The first time I’d ever heard of MakerBot was at my first Consumer Electronics Show in Las Vegas (2009, maybe?). I stood at their booth for a really long time, transfixed by the 3D printer in front of me, producing a little toy, layer by almost-imperceptible layer.
Those first 3D printers were actually DIY kits – you had to solder them together yourself, which seemed a bit out of my skillset. But fast forward to now, when MakerBot has a line of 3D printers that arrive already put together. They even sell a desktop 3D scanner!
I visited the MakerBot store in Manhattan for the first time to check things out for myself. (There are also stores in Greenwich and Boston.)
In addition to selling their printers and scanners, the MakerBot store can scan and print things out for you. And they have a wide selection of already-printed items.
When I walked in I was blown away by the intricate products scattered around the store. These little houses were my favorite thing!
And despite having delicate details, like the windowpanes, they were super strong, as tested out repeatedly by my friend Adam’s adorable daughter. :-)
The MakerBot store also has an amazing person-sized scanner where, for $5, you can get a scan of yourself! I mean, how could I not? You can then get yourself printed out! (Prices vary based on size.) This would make an amazing gift alternative to a regular old portrait for grandma (although keep in mind, you have to be at least 10 years old and 48” to be scanned).
If you think a bust of yourself is a little boring, you can take your scan and do other things with it, like this person did:
But there are more “normal” gifts there too, everything from watches to jewelry to puzzles to piggie banks to MP3 players shaped like old cassette tapes.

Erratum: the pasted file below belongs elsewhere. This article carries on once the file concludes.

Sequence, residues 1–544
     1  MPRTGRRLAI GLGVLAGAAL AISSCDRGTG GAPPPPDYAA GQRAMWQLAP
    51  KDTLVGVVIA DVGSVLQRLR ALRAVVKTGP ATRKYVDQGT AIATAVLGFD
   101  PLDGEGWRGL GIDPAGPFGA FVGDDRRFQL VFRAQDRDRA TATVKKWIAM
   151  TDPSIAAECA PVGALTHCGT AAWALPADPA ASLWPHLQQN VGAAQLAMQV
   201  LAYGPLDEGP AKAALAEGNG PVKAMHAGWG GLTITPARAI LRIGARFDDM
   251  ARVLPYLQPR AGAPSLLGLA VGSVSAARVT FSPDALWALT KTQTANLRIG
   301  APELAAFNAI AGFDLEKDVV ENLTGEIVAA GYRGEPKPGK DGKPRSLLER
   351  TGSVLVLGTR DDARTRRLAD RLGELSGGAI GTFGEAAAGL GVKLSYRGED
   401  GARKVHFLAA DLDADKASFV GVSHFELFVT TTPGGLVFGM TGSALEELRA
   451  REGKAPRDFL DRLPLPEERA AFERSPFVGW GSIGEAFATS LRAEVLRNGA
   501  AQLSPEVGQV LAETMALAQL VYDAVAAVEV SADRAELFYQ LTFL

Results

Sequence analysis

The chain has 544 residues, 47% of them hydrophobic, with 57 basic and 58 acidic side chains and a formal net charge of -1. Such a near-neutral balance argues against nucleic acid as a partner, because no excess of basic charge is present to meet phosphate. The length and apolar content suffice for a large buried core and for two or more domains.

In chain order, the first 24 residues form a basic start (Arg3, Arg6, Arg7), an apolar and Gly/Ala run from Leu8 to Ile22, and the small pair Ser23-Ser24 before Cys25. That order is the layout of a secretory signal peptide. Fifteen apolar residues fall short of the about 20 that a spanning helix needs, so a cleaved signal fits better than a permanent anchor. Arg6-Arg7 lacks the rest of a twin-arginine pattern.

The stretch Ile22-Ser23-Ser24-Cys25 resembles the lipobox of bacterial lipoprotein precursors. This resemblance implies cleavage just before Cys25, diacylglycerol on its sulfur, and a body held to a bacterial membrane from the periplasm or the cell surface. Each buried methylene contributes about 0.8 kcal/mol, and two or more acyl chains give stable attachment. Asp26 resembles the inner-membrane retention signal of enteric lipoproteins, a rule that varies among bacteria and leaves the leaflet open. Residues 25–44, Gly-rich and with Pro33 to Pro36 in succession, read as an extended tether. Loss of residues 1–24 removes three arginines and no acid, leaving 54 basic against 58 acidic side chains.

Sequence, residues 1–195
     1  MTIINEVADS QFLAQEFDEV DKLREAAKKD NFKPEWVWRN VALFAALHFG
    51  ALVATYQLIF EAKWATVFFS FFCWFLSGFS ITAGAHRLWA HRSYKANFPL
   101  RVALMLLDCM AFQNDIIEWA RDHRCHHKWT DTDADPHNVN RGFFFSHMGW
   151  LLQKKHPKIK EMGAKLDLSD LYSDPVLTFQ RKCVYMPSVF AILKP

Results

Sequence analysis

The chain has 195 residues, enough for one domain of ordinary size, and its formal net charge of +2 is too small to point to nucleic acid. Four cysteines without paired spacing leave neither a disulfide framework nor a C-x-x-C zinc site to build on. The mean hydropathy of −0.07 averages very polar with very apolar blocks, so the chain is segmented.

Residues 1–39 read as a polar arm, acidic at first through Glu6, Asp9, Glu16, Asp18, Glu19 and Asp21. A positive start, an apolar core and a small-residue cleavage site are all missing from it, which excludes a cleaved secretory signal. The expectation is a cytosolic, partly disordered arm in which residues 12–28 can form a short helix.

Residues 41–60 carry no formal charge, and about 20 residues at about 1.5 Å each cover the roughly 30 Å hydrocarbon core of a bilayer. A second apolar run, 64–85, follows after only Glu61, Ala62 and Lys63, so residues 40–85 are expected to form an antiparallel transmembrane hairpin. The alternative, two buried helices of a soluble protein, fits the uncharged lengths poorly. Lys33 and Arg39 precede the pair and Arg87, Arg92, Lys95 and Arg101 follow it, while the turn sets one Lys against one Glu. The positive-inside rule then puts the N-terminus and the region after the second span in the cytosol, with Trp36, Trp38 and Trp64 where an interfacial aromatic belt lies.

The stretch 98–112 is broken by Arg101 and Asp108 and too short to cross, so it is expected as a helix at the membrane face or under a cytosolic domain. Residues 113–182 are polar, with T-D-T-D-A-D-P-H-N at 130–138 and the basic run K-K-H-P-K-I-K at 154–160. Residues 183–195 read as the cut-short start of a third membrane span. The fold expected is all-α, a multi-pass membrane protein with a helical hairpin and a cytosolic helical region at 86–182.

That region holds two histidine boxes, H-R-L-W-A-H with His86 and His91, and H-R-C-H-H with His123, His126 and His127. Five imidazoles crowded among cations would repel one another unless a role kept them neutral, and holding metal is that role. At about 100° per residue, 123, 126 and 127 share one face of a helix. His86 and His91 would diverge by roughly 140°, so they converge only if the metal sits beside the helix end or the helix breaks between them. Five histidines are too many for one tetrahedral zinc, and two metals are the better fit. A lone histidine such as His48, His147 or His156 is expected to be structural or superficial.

The design for this seesaw math puzzle (top right) can be downloaded from MakerBot’s design website, Thingiverse, where you can also find other free and paid designs for everything from jewelry to IKEA hacks. It’s a thriving community driven by MakerBot users and owners.
There is definitely a 3D printer in my future. The MakerBot Replicator Mini is their most compact and least expensive unit. It has WiFi connectivity, and even has a camera so that you can check in on how your printing job is going and share pictures! It prints with PLA plastic, which is a bio-degradable, vegetable-based plastic.
I’ve been doing a lot of school tours with my kids lately, and most of the schools that we’ve visited have at least one MakerBot printer that they’ve integrated into the science curriculum. First Robotics even allows a certain portion of teams’ robots to be printed now!
I can’t believe how far this technology has come in the five short years since I first saw it.
The MakerBot Store provided me with a complimentary bust of myself, as well as a mini-Tardis for my son, who completely geeked out.